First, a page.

Get this book in print
- AMS Bookstore
- Find in a library
- All sellers »
The Mathematics of Encryption: An Elementary IntroductionMargaret Cozzens, Steven J. Miller American Mathematical Soc., Sep 5, 2013 - Mathematics - 332 pages 0 Reviewshttps://books.google.com/books/about/The_Mathematics_of_Encryption_An_Element.html?id=GbKyAAAAQBAJ
How quickly can you compute the remainder when dividing img style="width: 8px; height: 12px; margin-right: 0.069em;" src="http://cdn.mathjax.org/mathjax/latest/fonts/HTML-CSS/TeX/png/Main/Regular/120/0031.png"img style="width: 8px; height: 12px; margin-right: 0.038em;" src="http://cdn.mathjax.org/mathjax/latest/fonts/HTML-CSS/TeX/png/Main/Regular/120/0030.png"img style="width: 8px; height: 12px; margin-right: 0.042em;" src="http://cdn.mathjax.org/mathjax/latest/fonts/HTML-CSS/TeX/png/Main/Regular/120/0039.png"img style="width: 8px; height: 12px; margin-right: 0.041em;" src="http://cdn.mathjax.org/mathjax/latest/fonts/HTML-CSS/TeX/png/Main/Regular/120/0038.png"img style="width: 8px; height: 12px; margin-right: 0.041em;" src="http://cdn.mathjax.org/mathjax/latest/fonts/HTML-CSS/TeX/png/Main/Regular/120/0033.png"img style="width: 9px; height: 12px; margin-right: 0.014em;" src="http://cdn.mathjax.org/mathjax/latest/fonts/HTML-CSS/TeX/png/Main/Regular/120/0037.png" img style="width: 6px; height: 8px; margin-right: 0.041em;" src="http://cdn.mathjax.org/mathjax/latest/fonts/HTML-CSS/TeX/png/Main/Regular/085/0039.png"img style="width: 6px; height: 8px; margin-right: 0.014em;" src="http://cdn.mathjax.org/mathjax/latest/fonts/HTML-CSS/TeX/png/Main/Regular/085/0037.png" by 120143? Why would you even want to compute this? And what does this have to do with cryptography?
Modern cryptography lies at the intersection of mathematics and computer sciences, involving number theory, algebra, computational complexity, fast algorithms, and even quantum mechanics. Many people think of codes in terms of spies, but in the information age, highly mathematical codes are used every day by almost everyone, whether at the bank ATM, at the grocery checkout, or at the keyboard when you access your email or purchase products online.
This book provides a historical and mathematical tour of cryptography, from classical ciphers to quantum cryptography. The authors introduce just enough mathematics to explore modern encryption methods, with nothing more than basic algebra and some elementary number theory being necessary. Complete expositions are given of the classical ciphers and the attacks on them, along with a detailed description of the famous Enigma system. The public-key system RSA is described, including a complete mathematical proof that it works. Numerous related topics are covered, such as efficiencies of algorithms, detecting and correcting errors, primality testing and digital signatures. The topics and exposition are carefully chosen to highlight mathematical thinking and problem solving. Each chapter ends with a collection of problems, ranging from straightforward applications to more challenging problems that introduce advanced topics. Unlike many books in the field, this book is aimed at a general liberal arts student, but without losing mathematical completeness.Preview this book »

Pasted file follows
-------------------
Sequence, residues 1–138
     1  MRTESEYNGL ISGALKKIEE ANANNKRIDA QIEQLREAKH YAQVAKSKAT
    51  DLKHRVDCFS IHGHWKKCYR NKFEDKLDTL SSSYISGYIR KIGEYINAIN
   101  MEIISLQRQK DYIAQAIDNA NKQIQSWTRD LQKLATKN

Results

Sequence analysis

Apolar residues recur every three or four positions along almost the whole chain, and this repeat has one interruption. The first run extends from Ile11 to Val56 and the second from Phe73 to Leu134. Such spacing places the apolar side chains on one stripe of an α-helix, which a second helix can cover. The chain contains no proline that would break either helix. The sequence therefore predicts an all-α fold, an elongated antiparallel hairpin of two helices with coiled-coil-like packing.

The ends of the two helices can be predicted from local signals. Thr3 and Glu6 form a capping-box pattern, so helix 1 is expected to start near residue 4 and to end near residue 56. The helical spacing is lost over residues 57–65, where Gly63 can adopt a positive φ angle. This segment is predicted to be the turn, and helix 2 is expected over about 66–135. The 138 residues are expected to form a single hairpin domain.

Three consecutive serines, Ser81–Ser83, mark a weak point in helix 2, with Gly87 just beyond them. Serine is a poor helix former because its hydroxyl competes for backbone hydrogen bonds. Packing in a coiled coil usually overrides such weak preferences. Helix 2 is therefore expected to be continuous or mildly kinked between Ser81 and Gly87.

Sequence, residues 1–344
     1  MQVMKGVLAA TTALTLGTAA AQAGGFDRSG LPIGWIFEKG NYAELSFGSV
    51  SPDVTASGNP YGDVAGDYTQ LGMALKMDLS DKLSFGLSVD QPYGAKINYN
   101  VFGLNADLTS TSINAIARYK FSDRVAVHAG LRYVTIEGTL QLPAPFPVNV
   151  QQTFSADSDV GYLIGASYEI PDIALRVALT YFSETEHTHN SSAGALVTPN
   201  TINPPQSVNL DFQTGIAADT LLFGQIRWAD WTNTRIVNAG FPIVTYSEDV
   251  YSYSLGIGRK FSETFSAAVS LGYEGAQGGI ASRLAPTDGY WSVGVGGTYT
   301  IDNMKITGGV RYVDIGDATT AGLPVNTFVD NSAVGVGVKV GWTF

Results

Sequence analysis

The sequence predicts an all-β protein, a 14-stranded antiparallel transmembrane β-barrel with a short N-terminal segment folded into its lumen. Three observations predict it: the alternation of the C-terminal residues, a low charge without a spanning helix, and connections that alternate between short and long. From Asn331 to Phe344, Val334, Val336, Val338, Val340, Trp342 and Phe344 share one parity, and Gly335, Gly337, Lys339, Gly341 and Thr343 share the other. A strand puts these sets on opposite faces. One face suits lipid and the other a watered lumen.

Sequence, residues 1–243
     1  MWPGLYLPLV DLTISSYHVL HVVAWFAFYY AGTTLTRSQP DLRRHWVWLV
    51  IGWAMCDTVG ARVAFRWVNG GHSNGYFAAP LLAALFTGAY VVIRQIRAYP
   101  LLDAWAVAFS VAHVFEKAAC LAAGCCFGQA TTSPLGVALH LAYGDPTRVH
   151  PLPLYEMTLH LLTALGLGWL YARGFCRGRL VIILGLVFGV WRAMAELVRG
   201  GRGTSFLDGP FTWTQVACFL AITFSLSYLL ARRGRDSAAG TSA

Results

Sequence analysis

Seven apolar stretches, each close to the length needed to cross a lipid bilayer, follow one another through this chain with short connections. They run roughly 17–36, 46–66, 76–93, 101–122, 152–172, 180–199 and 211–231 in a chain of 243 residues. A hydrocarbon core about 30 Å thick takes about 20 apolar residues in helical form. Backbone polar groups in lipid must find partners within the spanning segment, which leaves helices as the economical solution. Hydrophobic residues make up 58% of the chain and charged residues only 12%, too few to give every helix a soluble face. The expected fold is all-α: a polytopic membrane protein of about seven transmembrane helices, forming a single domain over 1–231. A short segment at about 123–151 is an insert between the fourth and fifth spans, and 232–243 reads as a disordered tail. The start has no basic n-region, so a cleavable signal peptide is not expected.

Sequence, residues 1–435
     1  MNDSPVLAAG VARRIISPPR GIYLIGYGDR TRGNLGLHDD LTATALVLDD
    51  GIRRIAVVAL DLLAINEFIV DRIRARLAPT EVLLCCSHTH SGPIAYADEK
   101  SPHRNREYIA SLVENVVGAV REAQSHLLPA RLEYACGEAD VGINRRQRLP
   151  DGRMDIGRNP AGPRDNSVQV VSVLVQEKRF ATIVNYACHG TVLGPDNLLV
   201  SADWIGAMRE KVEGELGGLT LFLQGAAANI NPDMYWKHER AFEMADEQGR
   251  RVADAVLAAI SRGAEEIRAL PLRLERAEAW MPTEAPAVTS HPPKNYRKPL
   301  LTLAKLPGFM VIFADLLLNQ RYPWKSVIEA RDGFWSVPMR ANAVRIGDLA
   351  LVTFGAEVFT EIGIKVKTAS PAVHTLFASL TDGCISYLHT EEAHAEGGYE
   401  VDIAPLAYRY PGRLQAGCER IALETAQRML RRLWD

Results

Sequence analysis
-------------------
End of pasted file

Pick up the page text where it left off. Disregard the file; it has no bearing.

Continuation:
What people are saying - Write a reviewWe haven't found any reviews in the usual places.
Table of Contents
References Bibliography 325 Copyright
affine cipher Alice BabyBlock BabyCSS binary number bits blocks break brute force Caesar cipher Carmichael numbers Chapter check digits choose ciphertext codewords color compute congruences correct corresponds cryptography decode decryption discuss encode encrypt the message encrypted message encryption schemes encryption stream Enigma example Exercise extended Euclidean algorithm factor Fermat’s little Theorem Figure frequency analysis Germans gives graph greatest common divisor guess hash function hash value Hill cipher inverse keystream keyword KidRSA known-plaintext attack large numbers length LFSR LFSRsum look mathematics matrix means method modulo 26 multiple number of possible odd number one-time pad output pair perfect code permutation cipher photon pixel plaintext positive integer primality test prime numbers problem proof random relatively prime rotors secret sequence shift solve steganography string substitution alphabet ciphers subtract there’s transmit vertices Vigen`ere cipher words
Steven J. Miller, Williams College, Williamstown, MA, USA
Bibliographic informationTitle The Mathematics of Encryption: An Elementary Introduction
Volume 29 of Mathematical World Authors Margaret Cozzens, Steven J. Miller Edition illustrated Publisher American Mathematical Soc., 2013 ISBN 0821883216, 9780821883211 Length 332 pages Subjects Mathematics › General
Mathematics / General     Export Citation BiBTeX EndNote RefMan